Kirby: Planet Robobot Review

Kirby channels his inner D.Va
Developer:HAL Laboratory Publisher:NintendoPlatform: 3DS

In with the old, and in with the new.

When one plays a Kirby game, one expects to find certain things. Cute design choices. Chirpy music. Kirby being a goddamn glutton. Each and every Kirby game has had these, and has resulted in a formula that’s stood the test of time since Kirby’s Adventure on the Game Boy. That’s not to say that Kirby hasn’t tried a fair few new things. Kirby’s Air Ride is one of the more underappreciated racing games (and one that I still need for my Gamecube library) and Kirby’s Epic Yarn was one of the most creative and adorable games to come out of the Wii U. So, we have Kirby: Planet Robobot. Does it fit into this family of bold reimaginings, or is it doomed to rinse and repeat the 2D platformer formula?

If you’ve never played a Kirby game, here’s how they usually go: You play as Kirby, a pink blob thing who is also the galaxy’s greatest warrior. Your primarily ability is swallowing enemies and gaining their powers. Their rich, tasty powers. Kirby can jump from being a ninja, to an archer, to an ice queen, and back again. He can also float and make adorable noises. The games are usually not too difficult, but are charming enough for you to not care. Got it? Alright, cool.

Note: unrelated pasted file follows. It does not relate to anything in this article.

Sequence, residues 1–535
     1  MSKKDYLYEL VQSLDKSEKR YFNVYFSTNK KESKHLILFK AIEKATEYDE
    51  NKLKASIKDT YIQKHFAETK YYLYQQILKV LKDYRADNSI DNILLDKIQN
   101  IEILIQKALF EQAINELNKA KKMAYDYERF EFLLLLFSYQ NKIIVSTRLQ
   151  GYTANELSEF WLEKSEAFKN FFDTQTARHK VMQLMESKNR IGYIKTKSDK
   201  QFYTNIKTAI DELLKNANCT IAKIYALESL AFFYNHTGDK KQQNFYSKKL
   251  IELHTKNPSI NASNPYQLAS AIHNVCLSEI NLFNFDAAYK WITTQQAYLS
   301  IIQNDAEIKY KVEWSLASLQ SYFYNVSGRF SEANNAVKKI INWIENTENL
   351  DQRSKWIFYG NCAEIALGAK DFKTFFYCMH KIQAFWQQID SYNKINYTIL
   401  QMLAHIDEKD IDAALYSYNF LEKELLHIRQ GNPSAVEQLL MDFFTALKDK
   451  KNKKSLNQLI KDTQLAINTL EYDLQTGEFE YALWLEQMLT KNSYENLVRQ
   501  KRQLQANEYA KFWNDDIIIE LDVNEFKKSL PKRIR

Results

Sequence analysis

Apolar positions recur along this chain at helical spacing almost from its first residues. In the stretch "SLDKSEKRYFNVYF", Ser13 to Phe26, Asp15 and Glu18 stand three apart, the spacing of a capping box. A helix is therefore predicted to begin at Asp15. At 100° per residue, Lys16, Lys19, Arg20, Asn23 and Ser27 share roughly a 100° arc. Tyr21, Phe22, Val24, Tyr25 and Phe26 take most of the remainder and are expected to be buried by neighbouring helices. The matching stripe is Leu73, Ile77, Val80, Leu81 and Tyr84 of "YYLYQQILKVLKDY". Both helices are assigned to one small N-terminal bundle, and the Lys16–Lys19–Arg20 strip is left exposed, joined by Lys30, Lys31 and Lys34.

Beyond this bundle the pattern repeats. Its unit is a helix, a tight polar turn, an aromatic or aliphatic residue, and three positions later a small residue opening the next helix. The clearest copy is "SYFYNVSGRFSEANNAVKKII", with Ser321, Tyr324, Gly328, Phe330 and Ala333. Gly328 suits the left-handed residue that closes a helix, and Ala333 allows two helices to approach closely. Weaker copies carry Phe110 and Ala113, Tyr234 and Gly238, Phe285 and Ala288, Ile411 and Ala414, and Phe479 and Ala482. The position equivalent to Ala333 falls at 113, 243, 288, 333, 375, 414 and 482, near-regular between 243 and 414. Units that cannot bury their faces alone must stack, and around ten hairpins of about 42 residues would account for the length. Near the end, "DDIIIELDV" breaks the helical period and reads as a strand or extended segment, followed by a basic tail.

Let’s discuss the box art. It’s become a running trend for Kirby to look mad as Hell on western box arts, but this time Kirby looks like he’s having a great time in a mech. It’s not a robot. Whatever it is (it’s a fucking mech), it provides some of the most fun I’ve had with a Kirby game. Kirby’s ability to swallow enemies and gain their powers carries over to his big ol’ pink mech, swapping his trademark black hole of a mouth for a scanner that presumably breaks enemies down to a molecular level as painfully as possible. Good stuff. The abilities that the mech can acquire are exactly what you’d expect from a Kirby game, and all fit in perfectly with the game’s level design. There are over 20 different abilities available to Kirby and his mech, but the mech’s abilities are what take center stage. Giant swords, boombox soundwaves, a helicopter blade that both elevates Kirby and damages enemies, Tesla coils that zap foes into oblivion and loads more. Planet Robobot gets most of its fun from these new abilities; the room for experimentation allows for a greater variety of gameplay experiences and level design tricks. While the mech does demand that you trade agility for strength, the way that each level is laid out never makes this feel like an upgrade or a downgrade. Each level, no matter if Kirby’s naked or not, still feels like you belong in it. Each stage manages to never feel boring or repetitive, and that’s something that hasn’t changed from Kirby‘s classic formula. The mech also offers side-scrolling shooter levels, in the style of Gradius or Zero Wing. These were a lot of fun, but were over far too quickly.